‘She Consciously Wore Black Culture as a Character’: Awkwafina Quits Twitter After Addressing Accusations of Cultural Appropriation and Her ‘Blaccent’, Gets Dragged Again

Actor Awkwafina has returned to Twitter to announce that she will be quitting Twitter, after publicly being challenged about her use of African American Vernacular English (AAVE).

The Asian American woman, whose heritage draws from China on her father’s side and South Korea on her mother’s side, defended her use of her “blaccent,” pointing to her understanding of race and appropriation.

HOLLYWOOD, CALIFORNIA – NOVEMBER 12: Awkwafina attends the 2021 AFI Fest – Official Screening of Magnolia Pictures’ “Swan Song” at TCL Chinese Theatre on November 12, 2021 in Hollywood, California. (Photo by Axelle/Bauer-Griffin/FilmMagic)

On a black canvas, she examined how Black people are disproportionately institutionalized and culturally appropriated at the same time. 

In the first of her four-panel reflection on race in America, and what Black people go through, she shared about how frequently the group is exploited, stating “there is a sociopolitical context to everything, especially the historical context of the African American community in this country.”


Part of this exploitation, Awkwafina asserts, can be perceived as her use of AAVE.

But that assertion would be wrong. She claims that much of this is connected to the popularization and global consumption of hip-hop music and culture. She wrote, “Some may pass it off as a convoluted mixture of the ‘internet TikTok slang generation’ that liberally uses AAVE, to add that hip hop — a genre of music that is ubiquitous and beloved across the country — has now anchored itself as a mainstream genre in music history.”

“And in life,” she continues, “linguistically acculturation, immigrant acculturation and the inevitable passage of globalized internet slang all play a factor in the fine line between offense and pop culture.”

Regardless of her unpacking of the gumbo of culture that rap music presents to all people in 85 – 140 BPMs, people have been offended by her use of AAVE, especially Black people.

One person tweeted why she believes it is offensive and would never be accepted if she tried it, “Can you imagine a Black actress occasionally dipping in and out of a fake Chinese accent/ affectation? Then being cast in roles off the strength of that distorted performance and mimicry? No you cannot.”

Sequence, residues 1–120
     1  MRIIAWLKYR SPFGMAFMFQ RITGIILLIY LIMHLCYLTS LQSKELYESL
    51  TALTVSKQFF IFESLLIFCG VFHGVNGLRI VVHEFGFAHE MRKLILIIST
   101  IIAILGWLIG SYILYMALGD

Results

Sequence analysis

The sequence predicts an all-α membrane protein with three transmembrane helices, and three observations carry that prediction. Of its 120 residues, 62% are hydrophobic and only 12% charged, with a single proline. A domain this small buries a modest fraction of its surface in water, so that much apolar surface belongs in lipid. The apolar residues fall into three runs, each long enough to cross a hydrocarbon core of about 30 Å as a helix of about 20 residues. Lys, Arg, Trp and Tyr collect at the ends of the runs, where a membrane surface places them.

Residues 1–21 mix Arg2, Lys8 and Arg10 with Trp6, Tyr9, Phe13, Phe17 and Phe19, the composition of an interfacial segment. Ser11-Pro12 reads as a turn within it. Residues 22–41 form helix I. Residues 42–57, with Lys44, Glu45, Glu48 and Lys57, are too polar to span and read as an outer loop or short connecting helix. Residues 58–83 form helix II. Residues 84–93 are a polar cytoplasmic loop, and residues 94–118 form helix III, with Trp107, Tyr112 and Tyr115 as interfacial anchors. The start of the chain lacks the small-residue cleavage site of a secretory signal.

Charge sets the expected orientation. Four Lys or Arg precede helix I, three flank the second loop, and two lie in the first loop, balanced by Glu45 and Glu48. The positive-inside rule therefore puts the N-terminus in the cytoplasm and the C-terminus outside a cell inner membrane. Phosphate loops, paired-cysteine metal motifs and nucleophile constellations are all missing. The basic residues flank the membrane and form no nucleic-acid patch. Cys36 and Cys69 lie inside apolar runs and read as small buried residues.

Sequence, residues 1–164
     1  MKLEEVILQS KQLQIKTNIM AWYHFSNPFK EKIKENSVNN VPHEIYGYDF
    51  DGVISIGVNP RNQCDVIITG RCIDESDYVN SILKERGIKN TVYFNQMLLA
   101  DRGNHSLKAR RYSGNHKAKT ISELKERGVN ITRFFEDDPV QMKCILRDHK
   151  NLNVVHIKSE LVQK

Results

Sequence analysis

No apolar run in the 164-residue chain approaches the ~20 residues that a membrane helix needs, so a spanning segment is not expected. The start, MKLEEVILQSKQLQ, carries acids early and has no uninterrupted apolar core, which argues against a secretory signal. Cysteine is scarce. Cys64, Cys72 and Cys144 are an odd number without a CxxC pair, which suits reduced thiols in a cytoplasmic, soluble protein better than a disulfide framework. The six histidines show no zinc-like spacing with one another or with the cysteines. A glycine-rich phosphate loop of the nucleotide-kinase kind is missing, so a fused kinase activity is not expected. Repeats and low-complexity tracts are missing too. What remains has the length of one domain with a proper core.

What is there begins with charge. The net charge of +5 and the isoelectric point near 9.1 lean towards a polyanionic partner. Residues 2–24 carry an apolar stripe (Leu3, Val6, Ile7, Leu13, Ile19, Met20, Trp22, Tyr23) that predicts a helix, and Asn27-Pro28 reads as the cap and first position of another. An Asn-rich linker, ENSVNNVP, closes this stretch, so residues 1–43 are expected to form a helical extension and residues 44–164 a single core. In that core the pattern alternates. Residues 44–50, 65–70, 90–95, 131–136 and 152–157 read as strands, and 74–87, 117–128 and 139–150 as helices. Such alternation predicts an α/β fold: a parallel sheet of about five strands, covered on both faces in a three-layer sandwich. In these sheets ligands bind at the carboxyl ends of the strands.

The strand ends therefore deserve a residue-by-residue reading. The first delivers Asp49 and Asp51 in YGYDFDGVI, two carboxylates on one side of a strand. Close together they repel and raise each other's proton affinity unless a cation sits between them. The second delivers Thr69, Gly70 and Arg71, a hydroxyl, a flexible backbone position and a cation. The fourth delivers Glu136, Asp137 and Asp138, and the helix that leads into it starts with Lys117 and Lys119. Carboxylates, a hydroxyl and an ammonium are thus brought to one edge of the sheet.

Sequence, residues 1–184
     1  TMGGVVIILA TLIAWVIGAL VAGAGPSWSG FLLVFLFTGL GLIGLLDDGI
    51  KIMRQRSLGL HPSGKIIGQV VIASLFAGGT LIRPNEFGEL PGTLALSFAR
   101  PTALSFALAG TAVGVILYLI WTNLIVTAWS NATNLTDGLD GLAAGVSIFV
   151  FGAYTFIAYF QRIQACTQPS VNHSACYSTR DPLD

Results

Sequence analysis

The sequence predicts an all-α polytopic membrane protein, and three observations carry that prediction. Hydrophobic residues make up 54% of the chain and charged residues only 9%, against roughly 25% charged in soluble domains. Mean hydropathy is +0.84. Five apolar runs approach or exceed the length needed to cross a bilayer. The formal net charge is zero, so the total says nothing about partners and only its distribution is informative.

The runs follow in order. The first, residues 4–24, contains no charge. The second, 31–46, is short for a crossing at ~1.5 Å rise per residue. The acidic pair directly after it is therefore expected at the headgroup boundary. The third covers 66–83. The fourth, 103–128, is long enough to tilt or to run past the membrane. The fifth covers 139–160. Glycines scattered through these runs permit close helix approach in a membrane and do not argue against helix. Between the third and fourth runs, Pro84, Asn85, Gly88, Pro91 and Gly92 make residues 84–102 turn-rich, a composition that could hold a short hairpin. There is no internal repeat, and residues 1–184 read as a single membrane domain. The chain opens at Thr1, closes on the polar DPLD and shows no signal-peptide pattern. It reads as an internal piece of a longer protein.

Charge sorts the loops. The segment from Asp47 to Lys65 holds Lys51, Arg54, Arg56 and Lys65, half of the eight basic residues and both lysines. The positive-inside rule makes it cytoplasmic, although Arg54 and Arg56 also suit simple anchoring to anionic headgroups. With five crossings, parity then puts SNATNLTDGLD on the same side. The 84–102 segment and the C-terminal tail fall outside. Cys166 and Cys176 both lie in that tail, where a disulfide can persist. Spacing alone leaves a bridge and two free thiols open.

Some even believed that she wears Blackness like a costume.

“All I can say is she was not being authentic then so all the controversy that has occurred with her in more recent years is no surprise to me,” another tweeted. “She consciously wore black culture as a character, not because of a subconscious identity crisis.”

“Nora still being @akwafina when it was a BS pseudo-“ghetto” rap name in the first place shows she really doesn’t actually give damns like that.”

Some people believe she should have just stayed quiet. “Akwafina or however you spell her stage name was better of remaining silent she was already skating on by w/o explaining herself, why make a half-hearted statement that is still defensive now of all times?”


Awkwafina says that she doesn’t mean to offend people.

“I must emphasize: To mock, belittle, or to be unkind in any way possible at the expense of others is: Simply. Not. My. Nature. It never has, and it never was.”

The comedian, whose real name is Nora Lum, contends that she isn’t performing and as a kid from Queens, New York, the home of Nas, the Mets and the location for “Coming to America” she is informed by Black culture, that by the fact that it is popular, really belongs to everyone.

She writes, “My immigrant background allowed me to carve an American identity off the movies and tv shows I watched, the children I went to public school with, and my undying love and respect for hip hop.”

“I think as a group, Asian Americans are still trying to figure out what that journey means for them — what is correct and where they don’t belong,” she continues.

Much of the Golden Globe winner’s criticism comes from her NSFW parody rap song “My Vag” and her roles in the blockbuster films “Crazy Rich Asians” and “Ocean’s Eight.” In those projects, she uses Black lingo and posturing in a way that often has been considered minstrel-ish.

“And though I’m still learning and doing that personal work, I know for sure that I want to spend the rest of my career doing nothing but uplifting our communities. We do this first by failing, learning, acknowledging, hearing, and empathizing… And I will continue, tirelessly, to do just that.”

After this post, she went on to “clarify” that she will be retiring from what she calls the “ingrown toenail that is Twitter,” as per her therapist. The artist said that her Twitter is all that she is taking a hiatus from and that she will return to the platform in a few years.


While Awkwafina will be exiting the social media platform, she is by no means slowing down. According to IMDB, she is currently filming a movie titled “Renfield” and she was even nominated for an 2022 NAACP Image award, which spurred backlash for the organization.

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